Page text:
The problem of God

Exhibition in Düsseldorf: The problem of God

The exhibition ‘The Problem of God’ in the K21 Ständehaus in Düsseldorf from 26-09 till 24-01 relates to a fundamental problem of belief: God’s invisibility. It shows how the image-tradition of Christianity as universal cultural and social inheritance has developed further in a secular context.

Christ as symbol of suffering

Foto Vergrootglas
Pavel Büchler, The Problem of God, 2007, gefundenes Buch und Vergrößerungsglas, ca. 20 × 27 × 5 cm, Privatsammlung Bern, © Pavel Büchler

A partly opened book and a magnifying glass that mirrors only one word from the book page: “Invisible”. This work of art is created by the Czech artist Pavel Büchler. Curator Isabelle Marz highlights the conceptual starting point of the exhibition of this work of art. She explains that it is the manifold character and the intelligent power in which it is able to relate -with a sense of humor- to the fundamental problem of belief: God’s invisibility. None of the artists are believers but all of them consider the Christian tradition, stories, art, and in particular the themes of suffering, fear, anxiety, grief, and hope of great importance for modern people. They are fascinated by the invisibility of God and -paradoxically- by God’s visibility in suffering as the son of men. Especially the latter inspires (late)modern artists. It’s hardly impossible to create art about human suffering and neglect the theme and ultimate symbol of it in the history of arts: the crucifixion. The crucified Christ symbolizes two aspects of suffering; on the one hand human vulnerability and on the other hand human cruelty. Art historians speak of an iconographical turn in imaginary in this focus on what human beings really are. A focus on their vulnerability and their capability of suffering. From a care ethical point of view the interest in vulnerability is of great importance. Is this ‘turn’ a known or unknown reaction from artists to a dominant Western culture that preaches power, total autonomy and manufacturability? Are these artists de-masking the myths of control over life? Do they put forward how real life is experienced and evaluated?

Different types of art

These 120 works of arts, most of it created in the last 25 years, are brought together in Düsseldorf. It encompasses paintings, drawings, woodcuts, sculptures, collages and objects and also video- and film art, performances and complex space-, light- and sound installations. Internationally renowned artists are part of it, such as Eija-Liisa Ahtila, Francis Alÿs, Berlinde de Bruyckere, Francis Bacon, Janet Cardiff, Tacita Dean, Marlene Dumas, Harun Farocki, Katharina Fritsch, Kris Martin, Hermann Nitsch, Robert Rauschenberg, James Turrell, and Bill Viola. The exhibition varies from fundamental existential questions to humoristic-critically questioning some aspects of religion and belief and current social themes. An example of a critical approach is an installation of the Chinese-American artist Paul Chan. In a trapezoid of light, shadows of floating objects are visible. At first glance cheerful and playful but then the spectator discovers to his horror people falling down; an awful reminder of the attacks on the Twin Towers.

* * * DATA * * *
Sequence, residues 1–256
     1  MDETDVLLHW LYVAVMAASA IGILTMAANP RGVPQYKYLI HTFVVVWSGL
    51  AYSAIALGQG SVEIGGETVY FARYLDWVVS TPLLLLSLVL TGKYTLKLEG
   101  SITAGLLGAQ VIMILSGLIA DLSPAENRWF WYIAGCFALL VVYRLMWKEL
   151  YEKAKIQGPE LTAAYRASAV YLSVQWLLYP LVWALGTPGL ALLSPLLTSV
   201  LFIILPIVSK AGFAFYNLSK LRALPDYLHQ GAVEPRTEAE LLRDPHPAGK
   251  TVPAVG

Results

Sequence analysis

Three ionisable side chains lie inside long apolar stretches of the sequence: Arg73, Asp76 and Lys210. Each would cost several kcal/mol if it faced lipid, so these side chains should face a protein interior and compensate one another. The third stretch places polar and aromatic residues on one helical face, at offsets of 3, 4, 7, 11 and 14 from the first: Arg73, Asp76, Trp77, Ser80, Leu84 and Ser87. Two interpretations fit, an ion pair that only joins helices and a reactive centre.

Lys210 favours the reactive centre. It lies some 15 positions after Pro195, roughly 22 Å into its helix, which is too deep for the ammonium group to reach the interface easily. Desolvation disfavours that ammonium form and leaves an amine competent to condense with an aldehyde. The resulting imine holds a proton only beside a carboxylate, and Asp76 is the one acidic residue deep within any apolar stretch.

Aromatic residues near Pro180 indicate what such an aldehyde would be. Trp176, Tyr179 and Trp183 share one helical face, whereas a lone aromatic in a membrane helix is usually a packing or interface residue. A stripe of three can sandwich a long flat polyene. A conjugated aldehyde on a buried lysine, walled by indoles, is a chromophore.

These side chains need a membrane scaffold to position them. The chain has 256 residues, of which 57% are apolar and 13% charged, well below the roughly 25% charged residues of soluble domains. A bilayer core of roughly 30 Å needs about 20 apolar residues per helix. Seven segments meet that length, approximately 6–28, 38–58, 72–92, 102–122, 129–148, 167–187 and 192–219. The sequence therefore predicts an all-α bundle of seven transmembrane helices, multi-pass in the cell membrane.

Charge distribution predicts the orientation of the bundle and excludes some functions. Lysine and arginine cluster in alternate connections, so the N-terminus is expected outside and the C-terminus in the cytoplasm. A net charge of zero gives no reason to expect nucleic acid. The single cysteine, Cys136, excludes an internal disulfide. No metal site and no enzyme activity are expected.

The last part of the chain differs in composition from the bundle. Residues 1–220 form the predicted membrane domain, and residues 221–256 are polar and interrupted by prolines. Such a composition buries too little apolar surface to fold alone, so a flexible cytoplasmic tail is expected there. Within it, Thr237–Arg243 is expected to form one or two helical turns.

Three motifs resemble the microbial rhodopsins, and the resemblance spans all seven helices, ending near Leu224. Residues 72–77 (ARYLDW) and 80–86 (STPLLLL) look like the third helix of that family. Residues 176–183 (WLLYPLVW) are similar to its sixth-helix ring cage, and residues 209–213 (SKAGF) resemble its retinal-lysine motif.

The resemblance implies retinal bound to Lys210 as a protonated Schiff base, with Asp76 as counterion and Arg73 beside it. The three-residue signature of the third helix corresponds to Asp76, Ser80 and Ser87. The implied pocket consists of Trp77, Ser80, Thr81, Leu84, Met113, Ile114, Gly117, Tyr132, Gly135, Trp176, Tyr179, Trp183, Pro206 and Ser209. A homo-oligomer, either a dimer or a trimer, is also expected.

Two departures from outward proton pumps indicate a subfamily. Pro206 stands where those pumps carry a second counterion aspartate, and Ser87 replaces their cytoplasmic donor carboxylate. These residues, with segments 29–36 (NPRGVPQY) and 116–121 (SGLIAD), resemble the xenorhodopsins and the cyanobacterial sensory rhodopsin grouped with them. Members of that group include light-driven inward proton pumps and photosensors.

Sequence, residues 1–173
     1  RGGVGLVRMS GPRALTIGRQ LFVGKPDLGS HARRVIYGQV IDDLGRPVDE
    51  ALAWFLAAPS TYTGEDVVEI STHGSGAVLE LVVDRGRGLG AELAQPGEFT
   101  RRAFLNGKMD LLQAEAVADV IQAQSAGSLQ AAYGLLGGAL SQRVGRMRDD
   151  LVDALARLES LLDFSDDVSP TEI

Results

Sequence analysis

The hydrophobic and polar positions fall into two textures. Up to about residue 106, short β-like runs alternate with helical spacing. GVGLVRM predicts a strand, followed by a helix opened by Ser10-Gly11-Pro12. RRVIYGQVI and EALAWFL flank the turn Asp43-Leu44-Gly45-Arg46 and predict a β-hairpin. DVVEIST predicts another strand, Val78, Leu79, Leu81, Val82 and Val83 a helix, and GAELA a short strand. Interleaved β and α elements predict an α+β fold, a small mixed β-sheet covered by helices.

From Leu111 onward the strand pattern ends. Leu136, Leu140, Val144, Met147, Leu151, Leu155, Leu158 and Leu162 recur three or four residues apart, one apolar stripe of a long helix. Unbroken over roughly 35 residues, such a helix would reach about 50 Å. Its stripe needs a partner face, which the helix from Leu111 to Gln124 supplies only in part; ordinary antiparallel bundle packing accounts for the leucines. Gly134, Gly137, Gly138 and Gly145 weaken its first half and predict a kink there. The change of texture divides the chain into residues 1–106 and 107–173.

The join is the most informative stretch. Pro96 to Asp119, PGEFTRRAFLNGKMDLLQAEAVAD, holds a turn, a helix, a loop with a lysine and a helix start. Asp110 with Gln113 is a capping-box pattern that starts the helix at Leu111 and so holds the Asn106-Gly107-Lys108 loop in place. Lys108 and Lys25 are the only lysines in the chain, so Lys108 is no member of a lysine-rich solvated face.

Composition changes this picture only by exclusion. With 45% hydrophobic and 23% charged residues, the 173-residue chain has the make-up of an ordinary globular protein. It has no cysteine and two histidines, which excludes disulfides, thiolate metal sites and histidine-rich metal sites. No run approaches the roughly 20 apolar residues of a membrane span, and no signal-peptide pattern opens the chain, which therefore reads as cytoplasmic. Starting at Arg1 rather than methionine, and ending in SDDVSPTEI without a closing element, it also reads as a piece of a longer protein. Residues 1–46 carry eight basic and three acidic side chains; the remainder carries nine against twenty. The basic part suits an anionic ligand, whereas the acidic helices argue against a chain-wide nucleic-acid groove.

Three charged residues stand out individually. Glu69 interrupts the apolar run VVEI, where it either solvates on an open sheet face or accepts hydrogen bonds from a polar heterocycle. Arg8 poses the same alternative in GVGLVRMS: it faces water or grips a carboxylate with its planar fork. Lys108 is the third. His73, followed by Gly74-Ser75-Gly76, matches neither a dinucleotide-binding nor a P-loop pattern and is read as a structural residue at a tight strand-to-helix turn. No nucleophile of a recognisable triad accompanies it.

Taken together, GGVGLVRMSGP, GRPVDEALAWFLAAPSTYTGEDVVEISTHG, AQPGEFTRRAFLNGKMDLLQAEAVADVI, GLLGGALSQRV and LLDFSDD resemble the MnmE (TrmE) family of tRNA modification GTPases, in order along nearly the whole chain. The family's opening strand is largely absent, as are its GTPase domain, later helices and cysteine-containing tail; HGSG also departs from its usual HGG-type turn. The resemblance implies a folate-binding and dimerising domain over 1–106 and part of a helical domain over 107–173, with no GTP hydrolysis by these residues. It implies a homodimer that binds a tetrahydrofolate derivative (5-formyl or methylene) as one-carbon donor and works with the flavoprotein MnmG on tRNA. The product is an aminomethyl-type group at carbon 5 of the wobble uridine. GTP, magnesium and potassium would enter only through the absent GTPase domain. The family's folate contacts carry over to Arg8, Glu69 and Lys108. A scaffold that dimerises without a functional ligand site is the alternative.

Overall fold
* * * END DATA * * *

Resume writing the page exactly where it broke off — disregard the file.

Collaboration of German bishops and Kunstsammlung Nordrhein-Westfalen

The rise to the exhibition was the 50th anniversary of the Second Vatican Council. Main initiator of the art project, bishop Friedhelm Hofmann, underlines an important spiritual aspect of the heritage of the Council. The church has to open itself to the modern society and these works of art offer a realistic view on society today. The exhibition is accompanied by a comprehensive program including a two-day international conference on the 27th and 28th of November in cooperation with German bishops. Conservator Malz is reserved about the collaboration with the church. She is critical of the possible annexation of the works of art and the artists by the church and stresses the undoubtedly secular character of the exhibition. These works of arts are absolutely not religiously motivated she proclaims in a newspaper interview. At the same time she is aware of an ongoing interest in religion among modern Western people. Despite church abandonment the last decades people are in search of transcendence and spirituality. One of the reasons of this fascination is, in her view, that it is not a theological discourse. It is a societal, political phenomenon that gets media attention. All things considered the artists show an important aspect of the modern soul in search of meaning in a complex and confusing world.

Kunstsammlung Nordrhein-Westfalen
K21 Ständehaus Ständehausstraße 1
40217 Düsseldorf (GER)
“The Problem of God”

About the author: Jeannet van de Kamp

Jeannet van de Kamp

Jeannet van de Kamp (1957) has master’s degrees in both Theology and Ethics of Care and is currently a PhD-candidate at the VU-University of Amsterdam. In her thesis she examines, from a care-ethical perspective, how citizen-patients are seen in the context of the upcoming experience economy. More specifically, she examines how ‘patient-experience-central’ market models deal with the concepts of vulnerability and suffering. She works as a freelance pastor and as a consultant at the Dutch Center for Consultation and Expertise (CCE), where she advises in complex care practices.